Kicking off another year with this “for the good of the order” thing. Late but here. In this installment, I look back on 2018 in my SFF writing life–(big tings happened)–and what I might hope for in 2019. Here we go.
The first time I did one of these back in 2015, I wrote about discovering that I was indeed a writer and my hopes for my writing life. Since then, a lot has happened. I became a junior tenure-track scholar. I expanded my family by a factor of twins. I had my first book published. And I’ve had to figure out how to balance everything so it doesn’t all collapse in on me. How am I doing? Were my goals met this year? Did I manage to find the perfect balance and reach the flawless Omega molecule state of writing-work life-family-life-uniformity? Let’s find out!
Write More: At the top of the list, of course, is every writers pledge to just write more. Writing is like a stunning spell–to paraphrase Harry, it’s an author’s bread and butter. This year was a mixed bag. For the first half of 2018, I got some writing done. Mostly this was through using a method I’d employed to get through my academic writing–whereby I tracked my SFF writing daily and allotted time in a daily schedule. I wrote about the process here. Sticking to it was friggin’ hard. In between SFF writing, I had lots of academic work to churn out: book proposals, conference proposals, proposals of proposals, not to mention a book chapter for an edited volume and fellowship applications. Did I also mention, that in February I found out we were having twins?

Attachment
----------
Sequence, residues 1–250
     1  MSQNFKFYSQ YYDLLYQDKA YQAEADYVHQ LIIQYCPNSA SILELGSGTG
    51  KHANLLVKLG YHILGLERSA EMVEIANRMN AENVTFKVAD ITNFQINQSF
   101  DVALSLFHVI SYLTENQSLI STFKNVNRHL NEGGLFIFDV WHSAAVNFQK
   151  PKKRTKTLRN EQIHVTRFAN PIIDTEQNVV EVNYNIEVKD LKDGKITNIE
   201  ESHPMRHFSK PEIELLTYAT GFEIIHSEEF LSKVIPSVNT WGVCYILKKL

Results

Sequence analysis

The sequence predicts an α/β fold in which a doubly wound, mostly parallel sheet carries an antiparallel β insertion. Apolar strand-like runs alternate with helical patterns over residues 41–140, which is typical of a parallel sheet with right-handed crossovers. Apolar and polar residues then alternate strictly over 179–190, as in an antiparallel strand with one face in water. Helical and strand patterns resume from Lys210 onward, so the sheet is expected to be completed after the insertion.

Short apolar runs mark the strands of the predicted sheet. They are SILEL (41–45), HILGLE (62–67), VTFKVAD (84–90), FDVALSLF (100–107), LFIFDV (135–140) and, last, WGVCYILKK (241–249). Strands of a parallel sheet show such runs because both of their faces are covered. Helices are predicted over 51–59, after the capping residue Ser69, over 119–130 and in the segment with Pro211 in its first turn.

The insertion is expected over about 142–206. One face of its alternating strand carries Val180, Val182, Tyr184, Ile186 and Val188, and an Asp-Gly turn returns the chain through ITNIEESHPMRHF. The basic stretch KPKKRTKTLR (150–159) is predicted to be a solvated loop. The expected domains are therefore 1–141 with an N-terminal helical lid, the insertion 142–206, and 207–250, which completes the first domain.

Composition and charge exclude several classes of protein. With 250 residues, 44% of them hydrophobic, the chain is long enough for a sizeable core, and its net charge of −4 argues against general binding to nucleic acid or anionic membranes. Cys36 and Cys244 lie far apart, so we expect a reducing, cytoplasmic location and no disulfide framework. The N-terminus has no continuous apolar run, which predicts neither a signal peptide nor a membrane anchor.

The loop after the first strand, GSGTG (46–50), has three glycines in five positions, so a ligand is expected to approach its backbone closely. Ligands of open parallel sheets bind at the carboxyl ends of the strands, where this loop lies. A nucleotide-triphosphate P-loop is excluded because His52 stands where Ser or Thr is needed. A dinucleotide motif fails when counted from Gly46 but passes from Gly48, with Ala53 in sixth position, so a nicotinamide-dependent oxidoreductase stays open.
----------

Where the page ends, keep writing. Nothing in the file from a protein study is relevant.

So was the schedule helpful? Yeah. I didn’t get a whole lot done that Spring semester SFF wise. But I was able to sneak in bits of writing usually between 10 to 11:30PM on weekdays–provided my brain hadn’t turned into Swiss cheese by that hour. My SFF project was a novel. And though the amount of writing was small, being consistent allowed me to slowly push forward, to sketch outlines, characters, etc. By the end of the Spring semester I’d gotten to about Chapter 5. Not bad. But watch how time works.